“I really appreciate the range we now have too,” he adds. “We have a favorite rig that’s 130 miles from the island, and another that is 147 miles to the north, with plenty of prime areas in between. I’m looking forward to fishing both legs in a single trip sometime. We definitely have the range and fuel economy to do that now.”
The Bottom Line
After hundreds of hours of labor, dozens of replacement parts, systems and components, plus gallons of paint, epoxy and clear coat, Woolverton ran the restored Cabo 45 back to South Padre Island last June after a 16-month hiatus. Like its predecessors, this one was also christened Bottom Line, in deference to Veale’s early career as a certified public accountant. Which raises the question: Was Bottom Line worth the bottom line?
“All boat owners are delusional from time to time,” Veale says with a laugh. “I busted the budget pretty early in this process, but I don’t regret what I did. It was kind of like wanting to paint one room and you end up remodeling the whole house. But now it looks complete. It’s as close to new as you can get in comparison to brand-new builds. I had a survey done before I bought it and another one halfway through the restoration for insurance purposes. The third one was done when it was completed, and the surveyor noted in the remarks about the finished condition, ‘Bristol, better than new.’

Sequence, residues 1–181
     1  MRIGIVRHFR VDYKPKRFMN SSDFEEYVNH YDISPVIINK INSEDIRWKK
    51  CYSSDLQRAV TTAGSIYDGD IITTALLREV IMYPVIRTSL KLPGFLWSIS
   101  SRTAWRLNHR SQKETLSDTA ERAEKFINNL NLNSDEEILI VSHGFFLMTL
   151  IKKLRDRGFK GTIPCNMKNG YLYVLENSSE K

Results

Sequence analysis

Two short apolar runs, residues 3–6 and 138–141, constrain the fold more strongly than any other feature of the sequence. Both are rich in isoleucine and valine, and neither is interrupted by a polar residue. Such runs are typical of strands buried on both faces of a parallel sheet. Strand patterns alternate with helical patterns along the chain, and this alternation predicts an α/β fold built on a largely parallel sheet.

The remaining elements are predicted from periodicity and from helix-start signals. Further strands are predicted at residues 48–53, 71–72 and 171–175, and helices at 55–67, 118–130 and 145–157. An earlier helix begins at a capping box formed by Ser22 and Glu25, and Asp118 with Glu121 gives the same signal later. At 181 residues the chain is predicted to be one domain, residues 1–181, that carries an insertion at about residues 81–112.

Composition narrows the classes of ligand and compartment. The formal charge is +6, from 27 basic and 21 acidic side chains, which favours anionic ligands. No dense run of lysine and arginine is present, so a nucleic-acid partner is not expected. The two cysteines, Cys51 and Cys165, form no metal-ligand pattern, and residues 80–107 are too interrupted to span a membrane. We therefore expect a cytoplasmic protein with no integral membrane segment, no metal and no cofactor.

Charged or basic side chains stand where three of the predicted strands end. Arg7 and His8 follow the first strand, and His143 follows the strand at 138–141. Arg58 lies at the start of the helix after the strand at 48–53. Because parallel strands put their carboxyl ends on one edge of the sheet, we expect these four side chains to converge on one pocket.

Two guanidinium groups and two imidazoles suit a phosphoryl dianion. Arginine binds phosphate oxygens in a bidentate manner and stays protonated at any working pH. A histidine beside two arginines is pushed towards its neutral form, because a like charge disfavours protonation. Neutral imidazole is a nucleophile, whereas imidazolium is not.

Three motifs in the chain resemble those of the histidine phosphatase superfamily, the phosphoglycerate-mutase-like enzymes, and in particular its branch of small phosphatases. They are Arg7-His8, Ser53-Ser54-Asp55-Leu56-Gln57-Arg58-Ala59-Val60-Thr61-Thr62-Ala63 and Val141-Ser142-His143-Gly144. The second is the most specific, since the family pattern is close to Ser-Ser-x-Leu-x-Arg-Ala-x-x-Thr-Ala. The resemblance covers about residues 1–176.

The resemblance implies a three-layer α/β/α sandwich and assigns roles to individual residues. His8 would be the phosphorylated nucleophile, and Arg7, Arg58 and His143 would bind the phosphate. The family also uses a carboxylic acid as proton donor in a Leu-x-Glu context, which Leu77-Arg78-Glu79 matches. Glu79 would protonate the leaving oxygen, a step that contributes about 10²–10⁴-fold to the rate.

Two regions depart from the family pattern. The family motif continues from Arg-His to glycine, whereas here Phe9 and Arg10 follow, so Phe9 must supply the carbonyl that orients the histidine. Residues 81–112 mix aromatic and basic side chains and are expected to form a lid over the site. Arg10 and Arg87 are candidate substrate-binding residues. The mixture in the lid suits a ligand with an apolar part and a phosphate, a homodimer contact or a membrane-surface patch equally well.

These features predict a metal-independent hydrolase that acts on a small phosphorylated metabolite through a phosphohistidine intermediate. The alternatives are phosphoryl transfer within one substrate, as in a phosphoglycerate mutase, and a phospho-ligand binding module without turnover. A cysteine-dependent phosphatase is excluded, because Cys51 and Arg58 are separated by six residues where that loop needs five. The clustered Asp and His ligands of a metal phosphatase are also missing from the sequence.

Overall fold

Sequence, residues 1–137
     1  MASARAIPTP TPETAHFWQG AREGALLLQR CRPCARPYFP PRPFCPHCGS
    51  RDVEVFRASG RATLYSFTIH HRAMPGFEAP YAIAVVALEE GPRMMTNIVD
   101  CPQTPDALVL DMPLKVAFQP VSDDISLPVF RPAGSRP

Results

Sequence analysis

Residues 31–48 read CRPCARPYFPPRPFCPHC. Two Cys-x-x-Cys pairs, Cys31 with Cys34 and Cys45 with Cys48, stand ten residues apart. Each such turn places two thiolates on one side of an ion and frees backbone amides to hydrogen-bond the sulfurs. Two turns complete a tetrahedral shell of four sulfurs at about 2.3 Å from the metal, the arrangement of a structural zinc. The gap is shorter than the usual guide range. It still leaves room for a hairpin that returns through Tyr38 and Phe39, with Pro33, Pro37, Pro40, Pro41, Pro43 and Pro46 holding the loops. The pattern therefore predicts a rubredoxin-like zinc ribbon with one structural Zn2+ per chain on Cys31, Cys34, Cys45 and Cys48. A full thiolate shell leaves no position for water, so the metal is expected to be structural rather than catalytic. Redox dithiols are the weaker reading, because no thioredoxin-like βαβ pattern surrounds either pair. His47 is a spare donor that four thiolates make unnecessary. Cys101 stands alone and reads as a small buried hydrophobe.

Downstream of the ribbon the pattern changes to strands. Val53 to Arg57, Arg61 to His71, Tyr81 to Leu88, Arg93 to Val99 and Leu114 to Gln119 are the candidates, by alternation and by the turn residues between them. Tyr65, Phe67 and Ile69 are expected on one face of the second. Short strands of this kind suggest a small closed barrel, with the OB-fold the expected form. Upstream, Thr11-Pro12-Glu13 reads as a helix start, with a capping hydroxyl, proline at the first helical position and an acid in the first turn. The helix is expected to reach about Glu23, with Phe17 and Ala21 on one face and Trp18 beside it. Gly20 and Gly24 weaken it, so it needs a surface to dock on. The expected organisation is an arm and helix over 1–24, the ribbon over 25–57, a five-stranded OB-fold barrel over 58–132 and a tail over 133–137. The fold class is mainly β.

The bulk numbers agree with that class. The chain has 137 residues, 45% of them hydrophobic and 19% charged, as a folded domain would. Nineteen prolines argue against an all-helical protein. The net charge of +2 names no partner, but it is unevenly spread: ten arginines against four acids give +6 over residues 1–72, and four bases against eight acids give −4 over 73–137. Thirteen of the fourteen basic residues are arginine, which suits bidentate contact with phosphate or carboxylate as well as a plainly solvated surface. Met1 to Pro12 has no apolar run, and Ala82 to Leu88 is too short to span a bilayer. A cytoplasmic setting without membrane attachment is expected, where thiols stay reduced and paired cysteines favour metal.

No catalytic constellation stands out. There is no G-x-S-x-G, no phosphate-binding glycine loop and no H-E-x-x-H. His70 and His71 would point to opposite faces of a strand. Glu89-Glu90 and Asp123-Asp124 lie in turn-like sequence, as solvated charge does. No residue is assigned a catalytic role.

“I’m amazed at how elegant and beautiful it turned out, although I have to confess I’ve never seen a boat I didn’t like. It’s basically a Palm Beach-style package.” Greene was pleased with the end result too.
“Whatever people do to their boats, they need to do it right,” he says. “And Paul did it right. He took a production boat and elevated it to the next level at a fraction of the cost it would take to build a new one.”
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Veale is quick to share the credit, however.
“This whole project was a collaborative effort from the beginning. Without my friendship with Jim, it may have been impossible to complete. There’s a personal process, a give-and-take exchange that develops as you go along. I wouldn’t have attempted it in any other environment. Gulfstream Services is a team of exceptional technicians. So was it worth the expense? Yes, it was. I’m absolutely happy with the results. For what this is, in its class, Bottom Line is pretty high up there on the food chain.”